The Powder Kegs, The Seedhouse | Album Review | Seven Days | Vermont's Independent Voice

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The Powder Kegs, The Seedhouse


(Self-released, CD)

Bluegrass is a genre that seems to find its way into a variety of listeners' collections, from folkies to rockers. I'm no exception - I've always felt that when the air gets crisp and apples are ready for picking, there's nothing like hearing a little pickin'.

But I'm not sure The Powder Kegs' debut, The Seedhouse, will be the soundtrack to any of my drives to the orchard next fall. The band - originally from Poughkeepsie, New York - brought its energetic take on bluegrass to local clubs last summer, quickly gaining attention. What can be summoned onstage isn't always captured in the studio, however, and much of their debut sounds like second-generation Phish disciples running backwards to catch the O Brother bandwagon.

The group's lineup conforms to that of a conventional bluegrass outfit, albeit with the addition of harmonica. Things kick off with a spirited take on Woody Guthrie's "Hard Travelin'." Yet you only need to listen for about 30 seconds before the album's chief flaw is revealed: These guys aren't the most proficient instrumentalists. In other words, there's a whole lot of strumming and not much picking. Fortunately, fiddle player Sam McDougle salvages the song with his dexterous fills.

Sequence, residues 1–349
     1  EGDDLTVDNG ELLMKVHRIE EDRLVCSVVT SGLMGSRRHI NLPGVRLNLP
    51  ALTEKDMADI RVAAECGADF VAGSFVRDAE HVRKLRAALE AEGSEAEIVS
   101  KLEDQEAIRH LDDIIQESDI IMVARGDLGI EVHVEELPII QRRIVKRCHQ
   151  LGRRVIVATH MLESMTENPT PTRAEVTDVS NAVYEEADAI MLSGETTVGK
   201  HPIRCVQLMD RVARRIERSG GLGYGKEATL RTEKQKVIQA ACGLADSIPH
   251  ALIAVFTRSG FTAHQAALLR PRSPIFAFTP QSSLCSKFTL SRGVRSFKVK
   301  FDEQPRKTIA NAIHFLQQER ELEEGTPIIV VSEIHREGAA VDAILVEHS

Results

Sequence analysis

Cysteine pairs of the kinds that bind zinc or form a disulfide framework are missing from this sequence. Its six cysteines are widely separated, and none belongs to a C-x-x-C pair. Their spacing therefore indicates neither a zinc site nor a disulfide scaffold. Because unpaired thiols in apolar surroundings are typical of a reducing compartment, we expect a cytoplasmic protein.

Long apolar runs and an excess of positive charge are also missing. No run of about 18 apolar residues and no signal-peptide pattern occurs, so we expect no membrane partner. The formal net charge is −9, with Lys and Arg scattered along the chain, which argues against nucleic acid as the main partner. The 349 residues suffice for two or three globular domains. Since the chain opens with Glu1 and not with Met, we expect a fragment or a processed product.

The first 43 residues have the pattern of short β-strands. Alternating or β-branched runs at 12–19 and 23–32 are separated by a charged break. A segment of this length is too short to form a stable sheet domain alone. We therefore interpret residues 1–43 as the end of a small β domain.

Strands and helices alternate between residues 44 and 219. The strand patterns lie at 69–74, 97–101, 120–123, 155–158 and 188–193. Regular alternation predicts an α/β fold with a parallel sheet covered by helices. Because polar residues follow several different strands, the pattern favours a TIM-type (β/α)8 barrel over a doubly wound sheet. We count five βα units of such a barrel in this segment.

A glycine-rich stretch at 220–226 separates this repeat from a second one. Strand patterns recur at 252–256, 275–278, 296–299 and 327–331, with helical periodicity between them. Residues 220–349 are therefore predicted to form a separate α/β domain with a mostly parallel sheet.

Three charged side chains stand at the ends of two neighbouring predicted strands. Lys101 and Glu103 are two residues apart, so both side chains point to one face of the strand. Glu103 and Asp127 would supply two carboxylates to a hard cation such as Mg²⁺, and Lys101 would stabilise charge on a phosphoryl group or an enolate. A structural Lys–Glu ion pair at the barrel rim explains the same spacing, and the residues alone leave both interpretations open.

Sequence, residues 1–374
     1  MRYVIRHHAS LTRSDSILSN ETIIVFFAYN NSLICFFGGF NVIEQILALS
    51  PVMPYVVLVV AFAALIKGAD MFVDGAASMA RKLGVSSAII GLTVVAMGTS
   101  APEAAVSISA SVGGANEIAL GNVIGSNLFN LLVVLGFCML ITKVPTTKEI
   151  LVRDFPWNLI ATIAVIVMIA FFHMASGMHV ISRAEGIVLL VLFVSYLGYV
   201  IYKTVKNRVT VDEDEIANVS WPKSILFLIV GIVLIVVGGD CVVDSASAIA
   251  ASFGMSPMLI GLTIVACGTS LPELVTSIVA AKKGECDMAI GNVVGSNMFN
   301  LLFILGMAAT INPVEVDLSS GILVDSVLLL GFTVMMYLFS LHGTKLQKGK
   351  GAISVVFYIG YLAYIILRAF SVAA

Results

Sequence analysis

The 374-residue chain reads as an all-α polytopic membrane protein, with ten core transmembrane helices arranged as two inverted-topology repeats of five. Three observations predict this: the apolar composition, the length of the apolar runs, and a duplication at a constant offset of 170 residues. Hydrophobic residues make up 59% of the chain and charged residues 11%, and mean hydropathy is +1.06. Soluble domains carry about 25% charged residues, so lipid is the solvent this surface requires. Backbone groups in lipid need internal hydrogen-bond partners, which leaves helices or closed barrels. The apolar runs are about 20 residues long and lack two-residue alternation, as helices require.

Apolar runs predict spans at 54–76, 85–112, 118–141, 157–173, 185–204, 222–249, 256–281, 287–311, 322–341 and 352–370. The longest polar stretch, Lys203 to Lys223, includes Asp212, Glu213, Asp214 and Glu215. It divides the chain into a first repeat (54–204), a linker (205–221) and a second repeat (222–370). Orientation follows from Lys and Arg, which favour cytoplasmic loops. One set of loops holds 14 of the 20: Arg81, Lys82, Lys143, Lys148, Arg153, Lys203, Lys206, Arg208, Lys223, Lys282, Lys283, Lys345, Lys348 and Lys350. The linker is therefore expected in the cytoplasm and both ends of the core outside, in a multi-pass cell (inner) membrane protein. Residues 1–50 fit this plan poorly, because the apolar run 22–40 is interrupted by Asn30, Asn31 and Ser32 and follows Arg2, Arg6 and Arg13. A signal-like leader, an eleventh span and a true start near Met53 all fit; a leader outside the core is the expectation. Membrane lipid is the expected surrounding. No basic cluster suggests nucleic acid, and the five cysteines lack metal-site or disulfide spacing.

TPK tackle traditional songs such as "Cumberland Gap," "Policeman," and "John Brown's Dream," employing a similarly insipid formula - upbeat tempo, limited chords and vocals that range from pleasant to awkward.

The lone original, "Take Another Shot (at Me)," isn't much of an improvement. What was likely intended to be a show-stopping dobro solo is loosed partway through. Unfortunately, it reminded me less of Jerry Douglas and more of a kid who stumbles upon an instrument in his attic and spends a week working out something to play for his friends.

When the band slows things down, as they do on reinterpretations of both Hank Williams' "Lonesome Whistle" and The Rolling Stones' "Dead Flowers," they display a sincerity lacking in the faster numbers. In addition, the well-executed vocal harmonies prove there's some potential here.

The jam community will invariably eat this stuff up because it's "fun" and you can dance to it. How true-blue 'grassheads will respond remains to be seen. At the moment, The Powder Kegs lack the technical prowess and creativity of other regional acts such as Breakaway or Banjo Dan. But with continued practice and the addition of a few more originals, their Seedhouse might bear fruit.